8.1 106.6 114.6 Georgia

 Diff  ISR   EFI  Team

-10.3 110.9 100.6 Northwestern State
-10.1 117.7 107.6 Tulane
 -5.2 106.3 101.2 McNeese State
 -1.9 102.1 100.2 Nicholls State
 -1.7 105.6 103.9 New Orleans
  0.4 120.5 120.9 Louisiana State
  0.8 103.9 104.7 Southeastern Louisiana
  5.0  95.5 100.5 Southern
  5.7  95.0 100.7 Centenary
  7.9  98.3 106.1 Louisiana Tech
 13.1  91.9 105.0 Grambling State

As you can tell if I've explained this right, there is no consistent competitive advantage here. As a group, these schools are actually underperforming their projections. As an example, LSU has an excellent ISR over the period in question, but it's actually slightly lower (statistically, that's easily within the margin of error for break-even) than you'd expect for a large school with a decent football team located in a good baseball weather location having normal academic standards. If you remove Grambling as an outlier or discount for Georgia's unusual underperformance in the mid '90's, the group moves to a slight overperformance, but not by enough to point out any unfairness.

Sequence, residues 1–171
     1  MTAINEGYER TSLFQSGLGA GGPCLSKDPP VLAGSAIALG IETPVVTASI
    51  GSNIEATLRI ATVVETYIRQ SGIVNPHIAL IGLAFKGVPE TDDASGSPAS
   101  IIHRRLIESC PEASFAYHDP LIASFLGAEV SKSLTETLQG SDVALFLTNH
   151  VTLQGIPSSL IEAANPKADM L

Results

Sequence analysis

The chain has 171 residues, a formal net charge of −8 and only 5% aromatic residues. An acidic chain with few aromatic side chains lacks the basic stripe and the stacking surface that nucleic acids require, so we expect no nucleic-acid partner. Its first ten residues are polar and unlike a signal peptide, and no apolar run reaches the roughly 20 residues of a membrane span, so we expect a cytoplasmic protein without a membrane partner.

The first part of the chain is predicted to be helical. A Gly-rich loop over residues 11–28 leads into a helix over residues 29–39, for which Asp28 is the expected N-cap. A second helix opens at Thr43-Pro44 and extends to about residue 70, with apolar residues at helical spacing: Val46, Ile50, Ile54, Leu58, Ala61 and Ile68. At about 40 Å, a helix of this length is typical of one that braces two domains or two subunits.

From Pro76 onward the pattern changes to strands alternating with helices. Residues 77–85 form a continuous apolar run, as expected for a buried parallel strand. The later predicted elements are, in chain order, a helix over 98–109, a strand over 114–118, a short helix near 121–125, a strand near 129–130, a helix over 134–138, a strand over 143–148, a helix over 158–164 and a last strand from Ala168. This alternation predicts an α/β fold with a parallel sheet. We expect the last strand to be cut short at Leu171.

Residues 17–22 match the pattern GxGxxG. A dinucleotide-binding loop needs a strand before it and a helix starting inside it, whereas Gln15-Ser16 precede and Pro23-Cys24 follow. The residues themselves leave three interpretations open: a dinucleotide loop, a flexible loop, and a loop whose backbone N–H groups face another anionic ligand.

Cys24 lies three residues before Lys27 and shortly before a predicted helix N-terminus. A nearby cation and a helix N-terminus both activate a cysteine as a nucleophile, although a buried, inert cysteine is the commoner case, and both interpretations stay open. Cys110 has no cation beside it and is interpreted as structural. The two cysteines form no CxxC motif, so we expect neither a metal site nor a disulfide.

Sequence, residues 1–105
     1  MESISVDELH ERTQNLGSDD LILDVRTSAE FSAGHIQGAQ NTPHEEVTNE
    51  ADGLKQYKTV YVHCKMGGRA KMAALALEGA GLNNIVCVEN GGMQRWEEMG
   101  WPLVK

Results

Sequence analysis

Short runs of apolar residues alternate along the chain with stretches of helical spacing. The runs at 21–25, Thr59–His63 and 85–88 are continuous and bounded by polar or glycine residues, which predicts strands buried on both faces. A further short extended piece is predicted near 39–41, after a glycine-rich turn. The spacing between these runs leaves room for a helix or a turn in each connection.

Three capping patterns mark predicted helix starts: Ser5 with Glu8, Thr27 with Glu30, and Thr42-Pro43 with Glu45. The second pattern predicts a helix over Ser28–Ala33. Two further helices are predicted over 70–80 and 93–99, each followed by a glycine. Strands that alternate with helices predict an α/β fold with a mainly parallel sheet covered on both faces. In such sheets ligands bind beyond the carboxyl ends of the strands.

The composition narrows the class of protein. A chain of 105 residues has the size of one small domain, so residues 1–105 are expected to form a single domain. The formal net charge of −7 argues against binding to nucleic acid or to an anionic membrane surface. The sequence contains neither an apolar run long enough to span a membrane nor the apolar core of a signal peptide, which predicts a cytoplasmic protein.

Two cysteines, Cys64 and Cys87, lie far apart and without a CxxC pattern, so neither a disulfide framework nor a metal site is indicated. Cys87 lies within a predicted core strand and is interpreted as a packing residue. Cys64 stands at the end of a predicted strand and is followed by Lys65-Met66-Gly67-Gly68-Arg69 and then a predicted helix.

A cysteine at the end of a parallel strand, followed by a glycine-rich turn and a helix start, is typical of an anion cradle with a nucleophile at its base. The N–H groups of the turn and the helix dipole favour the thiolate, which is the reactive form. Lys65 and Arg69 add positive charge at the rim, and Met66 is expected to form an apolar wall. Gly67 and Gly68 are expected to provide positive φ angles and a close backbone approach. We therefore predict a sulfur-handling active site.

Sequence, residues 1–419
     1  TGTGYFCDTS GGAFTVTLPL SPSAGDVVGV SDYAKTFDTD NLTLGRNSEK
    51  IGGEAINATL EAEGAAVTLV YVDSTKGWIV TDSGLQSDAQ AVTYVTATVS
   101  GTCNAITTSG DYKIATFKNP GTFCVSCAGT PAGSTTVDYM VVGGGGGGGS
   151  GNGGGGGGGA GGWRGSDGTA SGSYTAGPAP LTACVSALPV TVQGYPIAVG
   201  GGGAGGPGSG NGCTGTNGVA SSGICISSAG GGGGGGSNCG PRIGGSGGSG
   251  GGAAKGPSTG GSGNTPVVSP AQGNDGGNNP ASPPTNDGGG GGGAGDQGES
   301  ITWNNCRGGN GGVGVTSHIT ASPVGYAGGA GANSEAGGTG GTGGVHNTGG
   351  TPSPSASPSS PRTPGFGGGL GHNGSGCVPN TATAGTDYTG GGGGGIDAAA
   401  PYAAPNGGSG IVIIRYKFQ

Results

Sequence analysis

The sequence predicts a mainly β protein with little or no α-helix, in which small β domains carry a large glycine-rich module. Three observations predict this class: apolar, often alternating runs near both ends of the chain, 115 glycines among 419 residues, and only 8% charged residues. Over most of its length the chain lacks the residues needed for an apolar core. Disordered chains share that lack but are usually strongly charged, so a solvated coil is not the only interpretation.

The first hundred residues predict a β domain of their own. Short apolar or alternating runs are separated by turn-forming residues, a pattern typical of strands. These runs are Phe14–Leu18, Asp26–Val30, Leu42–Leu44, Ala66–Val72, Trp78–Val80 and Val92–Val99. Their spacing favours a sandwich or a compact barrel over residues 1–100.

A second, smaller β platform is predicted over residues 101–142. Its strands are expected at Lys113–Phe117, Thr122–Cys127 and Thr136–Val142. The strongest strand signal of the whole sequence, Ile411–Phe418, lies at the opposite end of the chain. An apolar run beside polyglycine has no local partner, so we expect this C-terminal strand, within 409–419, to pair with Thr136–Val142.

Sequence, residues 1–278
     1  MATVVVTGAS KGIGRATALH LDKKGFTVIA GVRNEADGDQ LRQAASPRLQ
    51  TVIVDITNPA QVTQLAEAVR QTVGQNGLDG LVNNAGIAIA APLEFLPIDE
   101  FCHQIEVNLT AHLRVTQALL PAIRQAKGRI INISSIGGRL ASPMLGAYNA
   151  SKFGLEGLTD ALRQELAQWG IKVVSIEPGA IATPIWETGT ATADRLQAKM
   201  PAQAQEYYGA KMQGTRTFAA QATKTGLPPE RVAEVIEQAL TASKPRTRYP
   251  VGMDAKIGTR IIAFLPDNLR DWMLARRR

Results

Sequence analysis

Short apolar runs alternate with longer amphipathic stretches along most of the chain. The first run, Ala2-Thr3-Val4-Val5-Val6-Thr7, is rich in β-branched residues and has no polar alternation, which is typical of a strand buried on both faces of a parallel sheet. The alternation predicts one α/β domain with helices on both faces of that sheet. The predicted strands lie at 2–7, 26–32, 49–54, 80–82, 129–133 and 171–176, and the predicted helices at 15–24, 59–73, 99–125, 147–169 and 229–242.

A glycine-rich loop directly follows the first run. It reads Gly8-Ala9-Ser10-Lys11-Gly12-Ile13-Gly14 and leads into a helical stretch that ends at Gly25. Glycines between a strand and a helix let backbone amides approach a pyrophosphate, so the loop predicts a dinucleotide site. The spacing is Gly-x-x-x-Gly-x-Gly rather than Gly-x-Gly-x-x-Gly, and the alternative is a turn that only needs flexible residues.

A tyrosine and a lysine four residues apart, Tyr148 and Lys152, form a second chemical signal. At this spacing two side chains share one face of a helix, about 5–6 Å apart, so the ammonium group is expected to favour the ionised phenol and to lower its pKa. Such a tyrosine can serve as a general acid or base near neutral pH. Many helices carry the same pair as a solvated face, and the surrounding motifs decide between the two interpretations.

There is still one question that I can't answer definitively, and that's why it's not an advantage when it so logically should be. It may be that, at the current state of funding, baseball scholarships are just not large enough for the most part to significantly affect recruiting in comparison to things like facilities, playing time opportunities, or perceived teaching advantages. I'm also certainly willing to entertain the idea that I'm wrong here, but it'll take evidence to convince.

An Acknowledgement And a Plug

Thanks to Christopher Lakos, the Georgia baseball SID, for answering some questions I had about the HOPE scholarships.

Last week, I did an audio interview with Mark Etheridge of as part of a new feature they're running this year called Talking Baseball. It's in the free section of the site if you'd like to get some of my thoughts in a less edited version than usual. While you're there, check out the rest of the site, they're expanding their coverage of Southeastern baseball for this season quite substantially. As usual, I've got no financial interest here; I'm just rooting for the game in general.

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Boyd's World-> Breadcrumbs Back to Omaha-> Hoping for an Advantage? About the author, Boyd Nation